Writer: Adriana M. Chavez, 575-646-1957, email@example.com
They run up to her to give her hugs and high-fives. Some of them hold up their fists with their pinkies, index fingers and thumbs raised, the American sign language sign for “I love you,” as she walks by them in the hallways.
If Knapp is in the building, students in kindergarten and first, second and third grades know they’re going to have a good time in class. But Knapp’s visits are part of her research into whether kinesthetic movement while learning helps children retain information better, helping them to improve grades and test scores.
“We go into the classroom and move the lessons the teachers are doing with the children,” said Knapp, who is co-director of the Methods in Learning Kinesthetically research program, or MILK. “We put everything into motion. Spelling words and vocabulary words, we act out stories so that they can have one more learning input system to aid memory and also to help with engagement.”
According to MILK’s statistics, of the students who began the MILK program in the fall of 2013, only 32 percent of them were reading on their grade level. By the end of the school year in 2014, 68 percent of students were reading on their grade level.
Of those who were not reading on grade level, 15 percent improved their reading 1.5 grade levels, 65 percent improved by one grade level and 20 percent improved only half a grade level.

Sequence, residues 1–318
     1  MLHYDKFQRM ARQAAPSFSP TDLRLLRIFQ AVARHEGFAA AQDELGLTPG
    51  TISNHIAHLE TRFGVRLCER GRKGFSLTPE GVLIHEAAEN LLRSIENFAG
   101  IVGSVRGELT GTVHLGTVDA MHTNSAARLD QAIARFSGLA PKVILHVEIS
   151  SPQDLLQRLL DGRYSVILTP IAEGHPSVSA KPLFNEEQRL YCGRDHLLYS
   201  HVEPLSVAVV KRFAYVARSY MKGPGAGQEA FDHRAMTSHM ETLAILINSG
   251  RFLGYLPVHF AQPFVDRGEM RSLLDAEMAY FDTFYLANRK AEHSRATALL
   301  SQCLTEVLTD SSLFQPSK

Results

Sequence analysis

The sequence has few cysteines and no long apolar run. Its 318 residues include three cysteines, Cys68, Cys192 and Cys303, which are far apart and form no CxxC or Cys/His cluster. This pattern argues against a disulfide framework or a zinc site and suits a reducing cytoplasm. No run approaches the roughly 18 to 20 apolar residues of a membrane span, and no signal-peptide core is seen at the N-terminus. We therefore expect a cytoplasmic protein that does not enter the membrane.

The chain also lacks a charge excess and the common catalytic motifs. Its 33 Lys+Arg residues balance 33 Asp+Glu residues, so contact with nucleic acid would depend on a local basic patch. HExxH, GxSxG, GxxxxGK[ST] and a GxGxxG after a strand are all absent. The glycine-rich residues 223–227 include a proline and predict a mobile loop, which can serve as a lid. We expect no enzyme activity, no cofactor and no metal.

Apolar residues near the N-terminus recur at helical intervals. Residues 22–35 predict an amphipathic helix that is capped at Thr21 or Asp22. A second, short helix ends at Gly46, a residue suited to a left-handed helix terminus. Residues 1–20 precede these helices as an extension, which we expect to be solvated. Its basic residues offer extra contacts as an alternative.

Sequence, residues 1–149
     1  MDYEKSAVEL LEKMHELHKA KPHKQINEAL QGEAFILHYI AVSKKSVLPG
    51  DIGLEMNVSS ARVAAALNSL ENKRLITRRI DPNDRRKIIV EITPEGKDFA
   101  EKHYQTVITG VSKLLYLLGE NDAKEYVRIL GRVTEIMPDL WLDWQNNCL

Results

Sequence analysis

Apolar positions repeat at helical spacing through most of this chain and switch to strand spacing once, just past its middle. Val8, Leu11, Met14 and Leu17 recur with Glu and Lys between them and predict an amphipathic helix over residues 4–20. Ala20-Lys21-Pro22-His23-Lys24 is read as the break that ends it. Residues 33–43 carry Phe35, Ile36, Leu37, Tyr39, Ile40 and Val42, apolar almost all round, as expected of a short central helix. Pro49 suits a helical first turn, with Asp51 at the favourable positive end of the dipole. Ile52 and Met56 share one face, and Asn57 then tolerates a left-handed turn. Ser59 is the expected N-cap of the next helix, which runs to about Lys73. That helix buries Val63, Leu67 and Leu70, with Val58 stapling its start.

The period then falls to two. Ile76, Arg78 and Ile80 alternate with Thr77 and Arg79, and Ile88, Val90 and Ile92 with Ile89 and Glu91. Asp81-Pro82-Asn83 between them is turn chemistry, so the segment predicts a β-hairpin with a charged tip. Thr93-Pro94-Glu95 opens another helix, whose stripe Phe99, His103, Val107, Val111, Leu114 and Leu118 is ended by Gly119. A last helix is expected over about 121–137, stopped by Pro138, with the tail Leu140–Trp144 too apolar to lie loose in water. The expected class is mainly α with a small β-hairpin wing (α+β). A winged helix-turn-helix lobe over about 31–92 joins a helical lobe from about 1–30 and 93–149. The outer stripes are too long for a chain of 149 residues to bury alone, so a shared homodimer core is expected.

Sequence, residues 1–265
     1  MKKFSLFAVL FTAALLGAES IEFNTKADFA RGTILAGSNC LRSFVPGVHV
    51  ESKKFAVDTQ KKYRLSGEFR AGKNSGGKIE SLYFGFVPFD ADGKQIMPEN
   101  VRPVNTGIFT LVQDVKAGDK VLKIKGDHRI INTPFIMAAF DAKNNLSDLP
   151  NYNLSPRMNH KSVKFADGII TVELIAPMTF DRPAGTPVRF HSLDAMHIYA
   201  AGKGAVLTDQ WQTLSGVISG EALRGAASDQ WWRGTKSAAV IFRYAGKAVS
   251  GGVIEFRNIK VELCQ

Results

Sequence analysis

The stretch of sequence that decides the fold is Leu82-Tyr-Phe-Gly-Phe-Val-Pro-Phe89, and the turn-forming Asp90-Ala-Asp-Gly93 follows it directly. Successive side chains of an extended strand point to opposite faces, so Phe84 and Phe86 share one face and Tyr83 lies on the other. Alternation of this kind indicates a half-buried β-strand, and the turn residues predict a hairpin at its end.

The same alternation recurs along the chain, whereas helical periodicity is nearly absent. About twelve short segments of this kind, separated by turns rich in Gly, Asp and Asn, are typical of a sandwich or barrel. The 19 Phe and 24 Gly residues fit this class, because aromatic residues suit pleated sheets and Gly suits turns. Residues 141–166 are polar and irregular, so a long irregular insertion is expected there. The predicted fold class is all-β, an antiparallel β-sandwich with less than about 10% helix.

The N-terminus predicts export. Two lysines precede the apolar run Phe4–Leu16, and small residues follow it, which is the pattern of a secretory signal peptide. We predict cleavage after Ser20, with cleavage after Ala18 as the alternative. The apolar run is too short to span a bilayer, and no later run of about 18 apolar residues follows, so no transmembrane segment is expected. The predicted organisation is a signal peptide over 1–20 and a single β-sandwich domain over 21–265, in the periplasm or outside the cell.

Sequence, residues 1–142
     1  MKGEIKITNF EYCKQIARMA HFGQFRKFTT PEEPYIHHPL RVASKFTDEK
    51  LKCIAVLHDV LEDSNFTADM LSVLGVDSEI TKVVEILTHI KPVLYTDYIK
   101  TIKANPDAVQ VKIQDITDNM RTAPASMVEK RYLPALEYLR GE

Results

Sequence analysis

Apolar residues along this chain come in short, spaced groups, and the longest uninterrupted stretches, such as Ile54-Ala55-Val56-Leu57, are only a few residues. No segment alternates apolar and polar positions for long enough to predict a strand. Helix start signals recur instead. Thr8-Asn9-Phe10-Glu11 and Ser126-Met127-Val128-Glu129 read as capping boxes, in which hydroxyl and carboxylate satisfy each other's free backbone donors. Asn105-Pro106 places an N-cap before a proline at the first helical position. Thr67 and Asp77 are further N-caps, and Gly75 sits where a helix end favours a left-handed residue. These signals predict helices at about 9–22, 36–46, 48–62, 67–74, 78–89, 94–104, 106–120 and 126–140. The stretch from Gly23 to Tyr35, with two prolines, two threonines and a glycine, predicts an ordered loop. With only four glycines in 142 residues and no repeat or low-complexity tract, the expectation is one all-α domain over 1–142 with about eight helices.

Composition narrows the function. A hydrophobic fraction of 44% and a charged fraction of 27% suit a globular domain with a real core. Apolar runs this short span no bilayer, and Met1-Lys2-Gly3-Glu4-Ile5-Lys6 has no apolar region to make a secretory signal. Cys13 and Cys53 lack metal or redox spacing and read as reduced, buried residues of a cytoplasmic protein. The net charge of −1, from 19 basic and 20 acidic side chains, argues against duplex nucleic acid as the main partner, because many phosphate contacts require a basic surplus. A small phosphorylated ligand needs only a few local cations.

All participating third grade classes showed significant improvement on the Discovery Education Assessment test, according to MILK statistics.
Teachers at Fairacres who implement the program also reported fewer behavior problems among their students, longer student engagement, more collaborative learning, students investing in each other’s learning, less stress during tests, students becoming more comfortable reading aloud and an increase in reading comprehension over longer periods of time.
“The classroom is a little bit more quiet. We’re able to get control of them (students),” said Jeannette Frietze, a kindergarten teacher at Fairacres who participates in the MILK program. “They exercise and get their wiggles out before we start working. They love walking through the halls doing the kinesthetic movement.”
Kinesthetic movements include shaping their bodies to look like letters, using sign language to communicate and tactile sensing.
Alex Shane, a third-grader in Victoria Gier’s class at Fairacres, said she enjoys learning while having fun in class.
“It helps us learn better,” Shane said. “Some people, when they’re learning, they get all bored because it’s not really fun, but here we’ll do movements and we laugh and have fun when we do quizzes. We have lots of fun here in this class, and to me it’s the best third grade class.”